Summer is my favourite time of year, it always has been, but as the FA+CT paediatric nurse advisor,  “toddling” summer days always look a bit more…scary. I feel silly saying that, but what I once saw as beautiful, sunny East Anglian days to bronze our skin, hike and garden it is now the perfect recipe for sunburns, scraped knees, and bugs in the mouth (nothing like a little protein!).

As medics we know that the injuries toddlers experience from playing outdoors in the summer months often requires more than a bandage and mummy’s kiss to make them better.

I have been on a search for the best first aid kit for toddlers, but they are really expensive and I do not want to you have to buy several, just to take them apart to fit your needs for the summer. I need a kit that is lightweight – easy to throw in a backpack or the nappy bag – yet able to carry all of the must-haves for my crawler/almost-walker.

A toddler first aid kit is a must-have for all parents. To save money I’m putting together my own and customising it to my needs, with a little help from the FA+CT.

Make your own first aid kit with these simple tips:

  • Container – reuse an old toiletries bag as your container, preferably one with different sized pockets and compartments for storing and keeping items organised. Another good option is a small to medium size plastic container (i.e. plastic lunch box or tackle box) that will fit into your beach bag, backpack, nappy bag or glove compartment of your car. Whatever you use to hold first aid items should be easy to open for adults but difficult for small children to get into, large enough to fit everything you need and water-resistant.
  • Plasters and small bandages – different sizes and shapes (including butterfly). Keep them loose in separate, small re-sealable bags sorted by size and shape so they are easy to access and stay contained.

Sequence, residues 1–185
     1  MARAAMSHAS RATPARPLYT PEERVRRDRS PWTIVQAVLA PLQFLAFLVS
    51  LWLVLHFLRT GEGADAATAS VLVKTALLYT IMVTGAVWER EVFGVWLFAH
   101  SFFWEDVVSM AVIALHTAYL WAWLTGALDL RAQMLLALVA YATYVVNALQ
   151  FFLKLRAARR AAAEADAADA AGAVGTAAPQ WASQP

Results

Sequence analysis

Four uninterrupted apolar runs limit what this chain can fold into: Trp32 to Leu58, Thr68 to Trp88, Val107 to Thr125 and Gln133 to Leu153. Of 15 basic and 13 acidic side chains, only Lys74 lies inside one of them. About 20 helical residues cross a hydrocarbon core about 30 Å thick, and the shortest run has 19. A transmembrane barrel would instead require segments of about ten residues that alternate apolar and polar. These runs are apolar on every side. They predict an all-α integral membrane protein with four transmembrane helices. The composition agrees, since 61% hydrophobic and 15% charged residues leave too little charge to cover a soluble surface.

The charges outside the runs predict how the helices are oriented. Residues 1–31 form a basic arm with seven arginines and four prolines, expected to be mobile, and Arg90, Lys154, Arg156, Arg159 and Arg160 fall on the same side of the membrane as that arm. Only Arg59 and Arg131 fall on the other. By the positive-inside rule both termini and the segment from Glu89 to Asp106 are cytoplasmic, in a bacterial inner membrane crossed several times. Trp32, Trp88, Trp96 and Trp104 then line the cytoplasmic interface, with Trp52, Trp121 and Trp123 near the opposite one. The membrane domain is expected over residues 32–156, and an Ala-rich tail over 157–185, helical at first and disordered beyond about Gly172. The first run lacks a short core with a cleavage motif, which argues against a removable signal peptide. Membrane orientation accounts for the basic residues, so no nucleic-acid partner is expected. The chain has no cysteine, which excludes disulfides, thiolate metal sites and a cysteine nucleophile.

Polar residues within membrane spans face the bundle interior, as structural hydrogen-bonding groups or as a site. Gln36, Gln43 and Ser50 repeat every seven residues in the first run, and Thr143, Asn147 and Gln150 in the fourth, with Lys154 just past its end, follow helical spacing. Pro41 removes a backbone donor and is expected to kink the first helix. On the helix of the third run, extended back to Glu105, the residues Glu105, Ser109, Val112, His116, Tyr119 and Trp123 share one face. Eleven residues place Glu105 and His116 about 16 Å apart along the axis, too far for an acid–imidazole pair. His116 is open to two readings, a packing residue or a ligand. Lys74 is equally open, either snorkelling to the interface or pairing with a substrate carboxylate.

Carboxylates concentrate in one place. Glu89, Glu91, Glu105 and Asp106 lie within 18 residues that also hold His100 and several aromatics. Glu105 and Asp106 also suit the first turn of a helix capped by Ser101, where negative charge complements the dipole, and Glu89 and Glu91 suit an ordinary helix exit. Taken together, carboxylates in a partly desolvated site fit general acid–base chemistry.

• Alcohol free wipes – are is essential to have on hand especially when you don’t have clean water or it is difficult to clean a wound. Any form (liquid, spray, wipes), but liquid is best when a wound needs flushing.
  • Ice packs – important to have on hand and can be activated in seconds for fast aid to reduce swelling. These take up a lot of room but if you can fit them you should keep at least two in your kit because they are single-use.
  • Gauze – can be purchased in different size pads or in rolls and every kit should have some of each. Large pieces can always be cut down to smaller sizes.
  • Scissors – for trimming gauze, bandages and for cutting away clothing. Sharp, curved medical scissors (as opposed to pointed scissors) are best.
  • Adhesive tape – has many uses including securing splints and bandages. One roll will go a long way.
  • Latex free gloves – for protection of the person wearing them as well as the injured.
  • Tongue depressors – for checking sore throats or lesions and wounds in the mouth and throat.
  • Small flashlight – in case it is dark out when first aid is needed and for checking ears, nose, throat and eyes.
  • Tweezers – for removing splinters, ticks, small fragments or other debris.
  • Thermometer – a Tempadot disposable thermometer is preferable to an oral thermometer when taking the temperature of a young child in distress.
  • Medications – include any or all of the following depending on your children’s needs: children’s liquid pain reliever such as ibuprofen or paracetamol (as directed by your GP) with a dosage measuring spoon; calamine lotion; saline nasal drops or spray; Epipen or injector; asthma inhaler; Children’s Benadryl or other Piriton syrup for allergic reactions (as directed by your GP); antibacterial cream.
  • Oral rehydration salt (ORS) – for quick rehydration, especially when child is experiencing diarrhoea or vomiting.
  • First Aid manual – a quick reference guide to help you tend to many different emergencies could mean the difference between effectively treating an injury and making the situation worse. The First Aid + Care Training has a handbook sized to fit into most first aid kits that you can.

First Aid+Care Training advises you to discuss medication for a child with your own doctor, pharmacist or nurse before giving any medicines.